Picking up on a theme from two years ago, let’s consider again the argument in favor of progressive (re)distribution of income from the wealthiest to the poorest. The argument I made back then was that on basic behavioral grounds, the assumption that taking a dollar from the rich and giving it to the poor would increase aggregate utility does not follow. And it does not follow precisely for the reasons behavioralists tell us. First, there is no reason to believe that another dollar to an already rich person provides less utility than a dollar to a poor person. There is no theory that can conclude that. Second, and perhaps more important, is that loss aversion may reverse the results aimed for by the transfer of wealth. People suffer more utility loss from the loss of a dollar than they gain from the securing of a dollar.
Those objections have never been adequately dealt with. And to those I’d like to add two more.
- The idea that there is diminishing marginal utility in consumption is not exactly the same as whether there is diminishing marginal utility in the purchasing media. We may be getting a little ahead of ourselves here – but when we learn basic economics, we end up teaching something like the second slice of pizza gives us less satisfaction than the first, and the third in turn gives us less satisfaction than the second. This is most definitely not the same as saying that the third dollar gives us less satisfaction than the second which gives us less than the first.
Now, if (and this is ironic, isn’t it) you want to assume that all markets are supremely perfectly competitive, that all economic agents are always optimizing with full information 100% of the time, and that they cannot adjust their consumption in any way to make themselves better off at the current income and price levels that prevail, then maybe the conflation of diminishing marginal utility of consumption and diminishing marginal utility of dollar bills would be acceptable. But critics tell us regularly (and I do not disagree) that the idea of perfectly competitive markets is a myth, and that it is not even remotely possible that we are optimizing all of the time.
If we WERE optimizing all of the time, consumers would end up allocating their (marginal) dollars so that, at the margin, the very last dollar spent on every single item provided them with exactly the same amount of satisfaction.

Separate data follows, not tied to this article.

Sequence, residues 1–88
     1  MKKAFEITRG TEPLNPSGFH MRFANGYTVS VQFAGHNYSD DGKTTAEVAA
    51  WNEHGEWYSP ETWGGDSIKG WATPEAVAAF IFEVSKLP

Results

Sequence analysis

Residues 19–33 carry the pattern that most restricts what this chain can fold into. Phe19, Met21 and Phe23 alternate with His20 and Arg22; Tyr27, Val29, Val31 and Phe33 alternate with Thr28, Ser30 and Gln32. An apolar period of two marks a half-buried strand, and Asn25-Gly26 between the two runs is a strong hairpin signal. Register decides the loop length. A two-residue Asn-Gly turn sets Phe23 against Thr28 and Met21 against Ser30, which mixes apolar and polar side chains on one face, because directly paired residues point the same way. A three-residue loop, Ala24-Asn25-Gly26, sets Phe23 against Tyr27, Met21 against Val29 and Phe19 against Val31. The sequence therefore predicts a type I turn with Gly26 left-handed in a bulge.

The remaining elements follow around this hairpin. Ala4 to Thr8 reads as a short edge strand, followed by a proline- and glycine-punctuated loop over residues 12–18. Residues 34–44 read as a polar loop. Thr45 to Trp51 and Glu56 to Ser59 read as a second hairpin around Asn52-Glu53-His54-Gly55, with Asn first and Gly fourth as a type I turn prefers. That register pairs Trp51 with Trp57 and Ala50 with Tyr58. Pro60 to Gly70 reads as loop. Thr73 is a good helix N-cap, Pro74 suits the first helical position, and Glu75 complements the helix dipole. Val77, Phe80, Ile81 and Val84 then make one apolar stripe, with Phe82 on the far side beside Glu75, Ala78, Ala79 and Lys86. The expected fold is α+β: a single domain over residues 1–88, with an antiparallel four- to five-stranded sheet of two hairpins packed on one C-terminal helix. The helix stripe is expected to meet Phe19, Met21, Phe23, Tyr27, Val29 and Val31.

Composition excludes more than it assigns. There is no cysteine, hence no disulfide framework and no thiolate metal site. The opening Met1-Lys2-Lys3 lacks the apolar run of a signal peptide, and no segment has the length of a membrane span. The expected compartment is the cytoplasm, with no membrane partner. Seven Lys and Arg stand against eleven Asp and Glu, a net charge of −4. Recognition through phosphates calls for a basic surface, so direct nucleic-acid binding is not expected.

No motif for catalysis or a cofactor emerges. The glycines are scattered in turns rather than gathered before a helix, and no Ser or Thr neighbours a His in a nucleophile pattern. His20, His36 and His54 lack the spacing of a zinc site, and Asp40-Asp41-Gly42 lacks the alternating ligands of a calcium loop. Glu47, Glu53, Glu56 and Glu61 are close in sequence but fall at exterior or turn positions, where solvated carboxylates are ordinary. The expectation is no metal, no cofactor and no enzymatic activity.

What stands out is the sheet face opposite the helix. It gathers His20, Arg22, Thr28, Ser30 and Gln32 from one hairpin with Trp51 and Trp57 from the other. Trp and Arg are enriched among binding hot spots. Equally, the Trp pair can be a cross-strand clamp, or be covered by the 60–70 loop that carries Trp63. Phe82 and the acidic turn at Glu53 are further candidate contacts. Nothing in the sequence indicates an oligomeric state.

But if we are not going to be comfortable making that assumption, then it does not follow that the satisfaction provided by spending that last dollar on apples is the same as the satisfaction we would have gotten spending it on pears. In other words, since a dollar allows us to purchase ANYTHING on offer in the entire economy, if in fact there are diminishing marginal gains to additional dollars, they would have to set in at consumption levels far beyond anything any normal person could ever achieve. So, while, right at this moment, if you had me spend one additional dollar on coffee (I am on my third cup) it would not make me happy, that does not mean that taking a dollar from me would not diminish my happiness. That dollar enables me to buy a piece of a book, a few minutes of a phone call, some cleaner for my eyeglasses, and so on. Since resources are scarce, it is implausible that I have already reached a point of satiation in all of those things and more. And if the (re)distributionists are going to nonetheless argue that I get less satisfaction from reading the next book than someone else (who would be receiving my dollar) who would use that dollar to purchase bacon, they are going to be left with a morally bankrupt argument that boils down to, “we just know that person X likes bacon more than you like books.” There is no other foundational theory to rest such an assumption on aside from it just being an assumption, a preference, a non-universal value.
- The argument of the (re)distributionists is that global utility increases from redistribution. Take a dollar from Wintercow, his utility falls by less than the dollar being given to Summercow. QED. Not so fast. When you simply execute income transfers, remember that you are going to be doing nothing to the productive capacity of an economy (ignore Laffer-type effects). Poorer people will have more income and richer people will have less. The prices of things that the rich buy, due to lower demand, will fall a bit. At the same time, since we live in a world of scarcity, the prices of things the poor buy, due to higher demand, will rise a bit. So, while some of the losses to the rich will be dampened, the gains to the poor will be dampened. But what now happens to the people who are not poor, but close to it, but now face higher prices for the important things they need to buy? Will not their utility fall, and fall as much as the gains to the poor who have received the (re)distribution? You may also argue that the near rich see utility gains, and that those gains nearly offset the losses to the actual rich. By my mind, taking into account the equilibrium impacts on prices, there may be no net change in utility from the redistribution at all. In that case, the argument for redistribution cannot come on aggregate utilitarian grounds but must come from elsewhere.
Call me crazy for expecting these ideas to be dealt with.